Uruz – In the second of sunwait we light The candle of Uruz so bright With all that has passed and ahead of us lies May the passing of time in it rise
Thurisaz- In the third of sunwait we light The candle of Thurisaz so bright When the force of winter upon us lies May the return of spring in it rise
Ansuz – In the fourth of sunwait we light The candle of Ansuz so bright In worship of gods old and wise May the powers of Regin in it rise
Raido – In the fifth of sunwait we light The candle of Raidō so bright In yearning for that which never dies May our longing for new life in it rise
Kenaz – In the sixth of sunwait we light The candle of Kenaz so bright A light in darkness again shall arise May the hope of yule in it rise
In Heathenry and Germanic Paganism, we develop our practices and relationships with the Gods in ways that are meaningful to each of us today. The Väntljusstaken is not a right or wrong way to honor Yule or the Gods. It is a way to do it. If you find this is a way that brings joy and meaningfulness to the season, please share your experiences and photos on the Väntljusstaken/Sunwait Candles and Gifts of the Wyrd Facebook and Instagram pages (@sunwait_candles and @wyrdgifts1). May your Winter Solstice/Yule Tide seasons be filled with joy and amazement.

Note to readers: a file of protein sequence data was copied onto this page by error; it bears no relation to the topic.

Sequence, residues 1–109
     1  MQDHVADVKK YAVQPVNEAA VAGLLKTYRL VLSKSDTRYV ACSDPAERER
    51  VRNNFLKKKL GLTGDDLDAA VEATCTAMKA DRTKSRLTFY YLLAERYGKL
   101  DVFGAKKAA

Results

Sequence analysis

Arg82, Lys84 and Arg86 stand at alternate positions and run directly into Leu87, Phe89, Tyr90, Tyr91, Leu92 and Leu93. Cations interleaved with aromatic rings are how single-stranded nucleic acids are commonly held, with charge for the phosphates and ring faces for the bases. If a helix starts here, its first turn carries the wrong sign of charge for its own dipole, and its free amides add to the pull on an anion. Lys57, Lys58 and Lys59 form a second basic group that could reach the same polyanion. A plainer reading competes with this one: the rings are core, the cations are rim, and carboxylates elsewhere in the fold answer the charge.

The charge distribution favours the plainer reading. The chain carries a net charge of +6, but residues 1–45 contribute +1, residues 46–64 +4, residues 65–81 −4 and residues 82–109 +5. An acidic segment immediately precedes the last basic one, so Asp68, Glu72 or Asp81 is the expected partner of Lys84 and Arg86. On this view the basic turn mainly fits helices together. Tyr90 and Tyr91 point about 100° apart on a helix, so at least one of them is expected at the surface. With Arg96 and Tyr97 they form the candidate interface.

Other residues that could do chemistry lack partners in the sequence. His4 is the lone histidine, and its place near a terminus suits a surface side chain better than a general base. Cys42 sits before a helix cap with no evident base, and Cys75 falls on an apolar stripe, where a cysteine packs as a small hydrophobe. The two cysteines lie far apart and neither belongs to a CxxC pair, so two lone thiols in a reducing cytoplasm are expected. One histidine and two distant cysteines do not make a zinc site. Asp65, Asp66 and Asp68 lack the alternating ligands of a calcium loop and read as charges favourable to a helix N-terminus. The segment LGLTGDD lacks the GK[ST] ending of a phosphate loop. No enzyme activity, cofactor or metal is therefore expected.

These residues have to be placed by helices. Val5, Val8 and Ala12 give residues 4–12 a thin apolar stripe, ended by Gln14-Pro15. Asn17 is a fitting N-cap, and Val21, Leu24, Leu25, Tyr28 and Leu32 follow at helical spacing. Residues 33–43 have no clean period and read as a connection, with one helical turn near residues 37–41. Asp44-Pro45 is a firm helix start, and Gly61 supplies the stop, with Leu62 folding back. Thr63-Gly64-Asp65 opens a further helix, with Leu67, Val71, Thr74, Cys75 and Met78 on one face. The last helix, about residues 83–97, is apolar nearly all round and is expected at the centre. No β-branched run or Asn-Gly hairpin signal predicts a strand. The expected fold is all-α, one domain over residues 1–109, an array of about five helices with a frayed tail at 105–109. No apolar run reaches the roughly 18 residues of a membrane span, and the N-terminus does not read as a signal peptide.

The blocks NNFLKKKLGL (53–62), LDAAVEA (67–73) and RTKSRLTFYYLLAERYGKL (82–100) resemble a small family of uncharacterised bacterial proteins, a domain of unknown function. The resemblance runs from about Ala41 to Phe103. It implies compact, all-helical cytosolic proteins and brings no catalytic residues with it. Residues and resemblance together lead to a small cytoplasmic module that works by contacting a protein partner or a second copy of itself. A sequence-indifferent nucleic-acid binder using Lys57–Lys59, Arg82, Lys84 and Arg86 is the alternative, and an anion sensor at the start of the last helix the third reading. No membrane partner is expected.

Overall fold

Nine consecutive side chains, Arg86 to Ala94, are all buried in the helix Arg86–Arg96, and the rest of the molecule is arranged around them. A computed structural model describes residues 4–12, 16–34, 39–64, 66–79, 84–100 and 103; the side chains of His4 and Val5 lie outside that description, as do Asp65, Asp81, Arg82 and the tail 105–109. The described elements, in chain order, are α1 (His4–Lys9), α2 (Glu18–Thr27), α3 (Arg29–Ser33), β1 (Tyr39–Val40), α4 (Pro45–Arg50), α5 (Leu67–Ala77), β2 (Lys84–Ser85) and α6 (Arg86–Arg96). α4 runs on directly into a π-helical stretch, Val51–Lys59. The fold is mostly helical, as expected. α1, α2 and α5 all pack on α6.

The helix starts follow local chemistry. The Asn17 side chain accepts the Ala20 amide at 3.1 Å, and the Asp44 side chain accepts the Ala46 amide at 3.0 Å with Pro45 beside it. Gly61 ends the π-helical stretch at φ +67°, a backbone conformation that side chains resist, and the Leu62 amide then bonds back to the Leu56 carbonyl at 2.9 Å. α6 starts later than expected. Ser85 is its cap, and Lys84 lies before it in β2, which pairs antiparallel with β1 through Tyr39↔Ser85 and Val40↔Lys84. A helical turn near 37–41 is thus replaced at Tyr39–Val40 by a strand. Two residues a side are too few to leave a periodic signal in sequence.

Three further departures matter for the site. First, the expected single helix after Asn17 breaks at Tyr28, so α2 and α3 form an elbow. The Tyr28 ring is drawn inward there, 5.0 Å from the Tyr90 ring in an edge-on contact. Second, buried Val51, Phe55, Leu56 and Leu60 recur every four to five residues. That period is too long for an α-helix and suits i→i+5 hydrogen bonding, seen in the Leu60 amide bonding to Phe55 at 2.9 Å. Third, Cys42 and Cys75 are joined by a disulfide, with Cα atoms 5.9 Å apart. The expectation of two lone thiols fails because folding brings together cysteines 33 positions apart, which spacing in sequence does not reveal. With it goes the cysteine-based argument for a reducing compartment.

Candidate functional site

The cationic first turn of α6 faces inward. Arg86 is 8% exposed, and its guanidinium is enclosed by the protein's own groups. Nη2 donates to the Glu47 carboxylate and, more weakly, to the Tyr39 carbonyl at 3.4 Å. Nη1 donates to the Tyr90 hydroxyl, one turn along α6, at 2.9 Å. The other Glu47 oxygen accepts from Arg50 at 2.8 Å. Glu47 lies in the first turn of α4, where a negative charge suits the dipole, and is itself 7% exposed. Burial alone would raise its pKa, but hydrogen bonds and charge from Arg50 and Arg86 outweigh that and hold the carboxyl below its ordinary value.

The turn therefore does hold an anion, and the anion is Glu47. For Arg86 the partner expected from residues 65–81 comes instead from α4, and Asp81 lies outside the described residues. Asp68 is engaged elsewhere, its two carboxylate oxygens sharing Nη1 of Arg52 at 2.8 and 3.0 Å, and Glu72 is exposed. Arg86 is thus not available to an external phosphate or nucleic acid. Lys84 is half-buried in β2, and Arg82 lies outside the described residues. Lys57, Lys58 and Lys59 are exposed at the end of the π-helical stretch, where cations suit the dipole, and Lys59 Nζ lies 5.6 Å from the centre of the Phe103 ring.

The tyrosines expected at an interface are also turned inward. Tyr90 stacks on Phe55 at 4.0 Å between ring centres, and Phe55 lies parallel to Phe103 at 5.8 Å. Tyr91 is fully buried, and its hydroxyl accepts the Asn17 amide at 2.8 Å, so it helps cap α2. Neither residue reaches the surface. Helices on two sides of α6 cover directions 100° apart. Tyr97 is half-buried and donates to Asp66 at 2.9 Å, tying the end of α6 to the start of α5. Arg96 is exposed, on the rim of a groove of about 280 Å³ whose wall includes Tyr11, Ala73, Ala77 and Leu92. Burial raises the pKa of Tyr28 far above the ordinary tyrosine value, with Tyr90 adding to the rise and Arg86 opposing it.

Images used in this article are from the Väntljusstaken/Sunwait Candles Facebook page with permission. Header photo is my own.
AWOOOOOOOOOO!!! Halloween/Samhain/Winter Finding/Alfarblot is passed and now heading into celebrating wolves, dogs, and pets of all kinds with Wolfenoot!
Joining me on episode 43 of the podcast is the delightful Wolfmum Jax Goss to talk about the new holiday, Wolfenoot.
Wolfenoot (pronounced wolf-uh-noot <as in boot>) was created by in 2018 by 7-year old Wolfkid who thought it would be great to have a holiday dedicated to being nice to animals and pets. So, he invented one. And it has taken off around the world. This is the third anniversary of Wolfenoot which will occur this year (and every year) on 23 November.
Join me to chat with Wolfmum about how the event came into being, what do do on Wolfenoot, being nice to animals, supporting charities and rescue centers when you can (either monetarily or by volunteering), and sharing small gifts with loved ones and pets.
Although Wolfenoot is named for the Great Wolf Howly, it is not just for wolves and dogs. Find out more by joining our conversation and join the Wolfenati! #wolfenoot #nohateonlysnootboops